John W. Norton

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John Warner Norton (7 March 1876 - 7 January 1934) was an American painter and muralist and who pioneered the field in the United States.

Norton was born in Lockport, Illinois, the son of John Lyman Norton and Ada Clara Gooding Norton. The family ran the Norton & Co. of Lockport. Norton's study of law at Harvard University was broken off when the family's firm went bankrupt. Before, and after a period of living as a cowboy and enlisting with the Rough Riders, he studied art at the Art Institute of Chicago (1897, 1899–1901); he would later teach there. His students included Frances Badger.[1] He was influenced by the Armory Show and the Japanese printmaker Katsushika Hokusai.

Among his works are the landmark 1929 180-foot (55 m) long ceiling mural for the concourse of the old Chicago Daily News Building (mural not currently installed in this building, which has been renamed Riverside Plaza; designed by architects Holabird & Root, 1929); the Ceres mural in the Chicago Board of Trade Building (Holabird & Root, 1930); two large murals, "Old South" and "New South" commissioned by Holabird & Root for the Jefferson County Courthouse in Birmingham, Alabama; his Tavern Club murals at the 333 North Michigan Ave. building, Chicago (Holabird & Root, 1928); his American Heritage Series at the Hamilton Park Field House, 513 W. 72nd St., Chicago; four murals at the St. Paul, Minnesota city hall; twelve murals comprising The History of Mankind (1923) at the Logan Museum of Anthropology at Beloit College, in Wisconsin; and his first major mural in Chicago's Cliff Dwellers Club (1909), where he was a founding member.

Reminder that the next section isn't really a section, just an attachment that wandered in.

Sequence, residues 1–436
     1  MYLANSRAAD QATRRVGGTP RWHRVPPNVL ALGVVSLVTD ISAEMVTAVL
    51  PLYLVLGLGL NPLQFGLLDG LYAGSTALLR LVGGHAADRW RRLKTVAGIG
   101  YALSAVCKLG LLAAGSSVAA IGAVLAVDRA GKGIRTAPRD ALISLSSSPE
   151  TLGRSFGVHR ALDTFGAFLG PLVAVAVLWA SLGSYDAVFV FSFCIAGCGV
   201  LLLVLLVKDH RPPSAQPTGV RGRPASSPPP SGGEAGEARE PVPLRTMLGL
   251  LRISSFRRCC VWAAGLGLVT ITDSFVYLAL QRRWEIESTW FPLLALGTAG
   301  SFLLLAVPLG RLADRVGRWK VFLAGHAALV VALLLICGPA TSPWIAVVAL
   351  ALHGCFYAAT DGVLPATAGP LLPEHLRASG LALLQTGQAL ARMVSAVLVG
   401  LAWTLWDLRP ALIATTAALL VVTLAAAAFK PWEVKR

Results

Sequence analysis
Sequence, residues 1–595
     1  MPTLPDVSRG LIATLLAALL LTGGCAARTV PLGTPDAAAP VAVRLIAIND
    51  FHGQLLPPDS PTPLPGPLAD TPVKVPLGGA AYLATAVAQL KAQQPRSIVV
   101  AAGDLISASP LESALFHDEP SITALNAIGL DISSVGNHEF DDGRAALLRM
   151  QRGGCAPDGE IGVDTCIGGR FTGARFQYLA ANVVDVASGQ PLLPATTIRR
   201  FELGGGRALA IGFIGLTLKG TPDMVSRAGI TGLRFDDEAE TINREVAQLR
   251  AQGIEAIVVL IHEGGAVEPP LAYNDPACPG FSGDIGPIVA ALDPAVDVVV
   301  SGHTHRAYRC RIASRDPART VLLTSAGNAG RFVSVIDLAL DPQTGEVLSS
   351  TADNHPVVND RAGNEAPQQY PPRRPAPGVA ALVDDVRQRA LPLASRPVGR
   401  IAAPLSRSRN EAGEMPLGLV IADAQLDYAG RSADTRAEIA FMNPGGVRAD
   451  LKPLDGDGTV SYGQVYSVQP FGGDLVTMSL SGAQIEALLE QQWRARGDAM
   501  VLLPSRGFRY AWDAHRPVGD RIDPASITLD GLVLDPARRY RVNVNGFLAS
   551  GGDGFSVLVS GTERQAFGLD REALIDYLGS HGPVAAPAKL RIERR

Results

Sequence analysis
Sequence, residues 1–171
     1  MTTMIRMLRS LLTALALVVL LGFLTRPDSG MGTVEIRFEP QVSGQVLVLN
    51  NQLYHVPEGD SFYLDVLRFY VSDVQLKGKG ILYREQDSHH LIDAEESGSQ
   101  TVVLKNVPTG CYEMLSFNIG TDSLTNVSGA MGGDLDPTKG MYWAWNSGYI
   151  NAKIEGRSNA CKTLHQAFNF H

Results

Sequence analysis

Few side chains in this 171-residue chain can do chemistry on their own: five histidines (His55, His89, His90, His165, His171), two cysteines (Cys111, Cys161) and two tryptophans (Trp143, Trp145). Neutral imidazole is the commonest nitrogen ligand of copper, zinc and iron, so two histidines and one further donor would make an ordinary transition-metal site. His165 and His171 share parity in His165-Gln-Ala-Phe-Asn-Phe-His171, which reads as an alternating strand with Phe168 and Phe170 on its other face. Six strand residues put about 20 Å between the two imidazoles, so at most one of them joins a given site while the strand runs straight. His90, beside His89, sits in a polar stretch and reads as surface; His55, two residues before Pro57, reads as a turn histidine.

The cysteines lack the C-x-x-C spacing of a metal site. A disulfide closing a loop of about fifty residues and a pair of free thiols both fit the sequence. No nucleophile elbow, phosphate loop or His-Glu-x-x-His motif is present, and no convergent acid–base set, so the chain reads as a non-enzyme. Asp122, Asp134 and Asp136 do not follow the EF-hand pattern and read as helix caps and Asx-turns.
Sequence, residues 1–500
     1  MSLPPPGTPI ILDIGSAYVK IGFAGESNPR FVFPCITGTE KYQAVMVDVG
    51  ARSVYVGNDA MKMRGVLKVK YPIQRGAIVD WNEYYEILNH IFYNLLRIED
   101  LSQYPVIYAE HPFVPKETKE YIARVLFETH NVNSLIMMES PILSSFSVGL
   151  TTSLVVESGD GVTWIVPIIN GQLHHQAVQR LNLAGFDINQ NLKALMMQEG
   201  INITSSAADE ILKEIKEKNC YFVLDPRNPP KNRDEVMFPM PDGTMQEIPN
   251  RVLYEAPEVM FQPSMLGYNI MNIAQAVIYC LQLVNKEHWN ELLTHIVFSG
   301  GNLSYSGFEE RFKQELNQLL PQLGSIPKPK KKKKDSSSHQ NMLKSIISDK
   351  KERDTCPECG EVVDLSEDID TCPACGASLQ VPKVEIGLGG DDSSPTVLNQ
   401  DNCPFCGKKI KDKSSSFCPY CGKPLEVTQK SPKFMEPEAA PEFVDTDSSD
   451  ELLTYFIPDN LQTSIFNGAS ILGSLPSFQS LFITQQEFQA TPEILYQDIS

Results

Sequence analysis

At the time of his death on January 7, 1934, in Charleston, South Carolina of cancer,[2] he was a popular and respected artist.

He was survived by his wife and his three children, a son and two daughters.



  1. ^ Schulman, Daniel. "Frances Badger". Retrieved 3 December 2016.
  2. ^ a b c "John D. W. Norton, Painter, 57, Dead; Succumbs in South Carolina Infirmary After Illness of Several Months". The New York Times. January 8, 1934. 17.
  • Zimmer, John L. (2005). "Memories of John W. Norton's Mural Masterpiece". The Living Museum. 67 (4): 4–8.
  • Gray, Mary Lackritz (2001) A Guide to Chicago's Murals. University Of Chicago Press.
  • Tallmadge, Thomas and Tom Lea (1935) John W. Norton, American Painter. Lakeside Press: Chicago (privately printed).
  • John Warner Norton (catalogue raisonné). Illinois State Museum.

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